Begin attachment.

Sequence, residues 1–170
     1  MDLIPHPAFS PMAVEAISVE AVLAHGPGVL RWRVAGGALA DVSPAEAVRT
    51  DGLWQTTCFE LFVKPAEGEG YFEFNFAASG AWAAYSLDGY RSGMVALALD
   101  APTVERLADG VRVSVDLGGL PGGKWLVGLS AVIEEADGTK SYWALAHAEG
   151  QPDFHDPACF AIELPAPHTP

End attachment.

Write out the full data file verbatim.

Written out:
Sequence, residues 1–170
     1  MDLIPHPAFS PMAVEAISVE AVLAHGPGVL RWRVAGGALA DVSPAEAVRT
    51  DGLWQTTCFE LFVKPAEGEG YFEFNFAASG AWAAYSLDGY RSGMVALALD
   101  APTVERLADG VRVSVDLGGL PGGKWLVGLS AVIEEADGTK SYWALAHAEG
   151  QPDFHDPACF AIELPAPHTP